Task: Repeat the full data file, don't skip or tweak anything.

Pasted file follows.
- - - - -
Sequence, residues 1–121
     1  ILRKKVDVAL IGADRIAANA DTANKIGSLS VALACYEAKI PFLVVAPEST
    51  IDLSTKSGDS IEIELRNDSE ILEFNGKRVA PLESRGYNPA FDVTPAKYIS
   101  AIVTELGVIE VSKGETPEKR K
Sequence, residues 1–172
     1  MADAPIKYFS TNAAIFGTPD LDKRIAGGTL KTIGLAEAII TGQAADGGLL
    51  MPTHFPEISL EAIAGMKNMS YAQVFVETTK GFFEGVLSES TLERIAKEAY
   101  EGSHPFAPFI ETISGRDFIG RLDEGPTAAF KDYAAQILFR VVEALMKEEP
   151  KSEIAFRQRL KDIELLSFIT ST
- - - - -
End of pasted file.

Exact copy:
Sequence, residues 1–121
     1  ILRKKVDVAL IGADRIAANA DTANKIGSLS VALACYEAKI PFLVVAPEST
    51  IDLSTKSGDS IEIELRNDSE ILEFNGKRVA PLESRGYNPA FDVTPAKYIS
   101  AIVTELGVIE VSKGETPEKR K
Sequence, residues 1–172
     1  MADAPIKYFS TNAAIFGTPD LDKRIAGGTL KTIGLAEAII TGQAADGGLL
    51  MPTHFPEISL EAIAGMKNMS YAQVFVETTK GFFEGVLSES TLERIAKEAY
   101  EGSHPFAPFI ETISGRDFIG RLDEGPTAAF KDYAAQILFR VVEALMKEEP
   151  KSEIAFRQRL KDIELLSFIT ST